Following the devastating attack by ISIS in Paris, the U.S. presidential candidates have quarreled over their opinions on terrorism and what action the United States should take concerning Syria and other middle-eastern countries.
Hilary Clinton and Donald Trump are still currently dominating in the polls, but both have expressed significantly opposing views over how to treat our current situation overseas. Clinton strategically wants to back ISIS into a corner, whereas Trump has claimed the United States should simply “quickly and decisively bomb the hell out of ISIS.”
Clinton favors having middle-eastern countries side with the United States to defeat the terrorist group, but to not have American troops sent over.
Trump, Bush, and Graham have all verbalized that the United States should battle against terrorism first-hand, involving our armed forces.
Other presidential candidates, such as Bernie Sanders, believe that the United States alone cannot be expected to defeat ISIS. In a recent speech, Sanders wagered, “If all over the world these attacks are taking place, the world has got to come together.”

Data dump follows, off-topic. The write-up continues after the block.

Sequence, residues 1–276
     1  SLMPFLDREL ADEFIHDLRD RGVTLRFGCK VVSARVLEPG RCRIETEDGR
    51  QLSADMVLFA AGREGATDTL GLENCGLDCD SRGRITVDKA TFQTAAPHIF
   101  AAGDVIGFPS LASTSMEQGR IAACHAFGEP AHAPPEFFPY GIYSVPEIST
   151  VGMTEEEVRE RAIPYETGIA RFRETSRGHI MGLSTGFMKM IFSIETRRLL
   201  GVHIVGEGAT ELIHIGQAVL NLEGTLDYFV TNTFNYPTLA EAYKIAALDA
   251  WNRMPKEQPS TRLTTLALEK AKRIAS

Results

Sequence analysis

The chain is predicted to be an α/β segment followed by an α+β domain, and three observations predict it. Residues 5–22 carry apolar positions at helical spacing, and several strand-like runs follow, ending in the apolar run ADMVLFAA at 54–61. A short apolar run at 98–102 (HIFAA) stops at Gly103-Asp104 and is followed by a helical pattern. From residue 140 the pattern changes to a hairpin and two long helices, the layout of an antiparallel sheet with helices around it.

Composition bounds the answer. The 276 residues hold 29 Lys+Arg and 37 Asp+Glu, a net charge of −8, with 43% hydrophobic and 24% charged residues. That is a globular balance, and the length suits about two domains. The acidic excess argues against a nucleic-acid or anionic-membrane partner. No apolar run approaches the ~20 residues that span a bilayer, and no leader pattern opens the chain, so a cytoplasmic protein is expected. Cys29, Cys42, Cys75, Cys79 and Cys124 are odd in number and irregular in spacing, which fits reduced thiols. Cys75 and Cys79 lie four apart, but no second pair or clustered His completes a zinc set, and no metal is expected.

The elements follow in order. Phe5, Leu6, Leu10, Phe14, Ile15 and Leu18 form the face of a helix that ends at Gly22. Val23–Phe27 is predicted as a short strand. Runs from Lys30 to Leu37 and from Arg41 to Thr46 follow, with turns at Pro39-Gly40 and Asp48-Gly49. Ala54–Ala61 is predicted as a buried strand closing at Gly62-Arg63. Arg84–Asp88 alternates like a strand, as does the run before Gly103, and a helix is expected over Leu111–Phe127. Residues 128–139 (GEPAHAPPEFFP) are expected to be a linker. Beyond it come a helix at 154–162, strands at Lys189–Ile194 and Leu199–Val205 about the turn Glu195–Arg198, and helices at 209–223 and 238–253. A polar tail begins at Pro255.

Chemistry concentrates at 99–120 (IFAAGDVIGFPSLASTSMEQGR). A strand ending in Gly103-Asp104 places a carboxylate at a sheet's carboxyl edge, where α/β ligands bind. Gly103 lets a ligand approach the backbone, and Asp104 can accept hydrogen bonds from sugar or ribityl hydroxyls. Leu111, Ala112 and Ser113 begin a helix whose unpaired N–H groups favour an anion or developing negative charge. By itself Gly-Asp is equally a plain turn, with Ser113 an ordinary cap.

Sanders and Fiorina, though belonging to different parties, both adamantly suggest we cut off ISIS’s funding urgently.
Since the Paris Attack, other acts of terrorism have sprouted up around the world, even in the United States with yet another bomb threat, this time surrounding two air-flights from America to Paris.
With the prospect of having a new commander-in-chief in office, Americans have been looking more closely than ever at what our candidates have had to say. Some, like Florida Senator Marco Rubio, have even been criticized for looking “too boyish” to be our president in a time of war.
As of late, the debate over the acceptance of Syrian refugees into the United States have caused both political parties to clash; is it right or wrong to let immigrants into a nation created largely in part by immigrants?
As reflected by the polls, Americans have been favoring Clinton for her national security background and Trump for his harsh brazenness. Although the next election is not until the beginning of next November, the escalating terrorism threats are causing us to think forward and preparing ourselves for the best defense we can offer.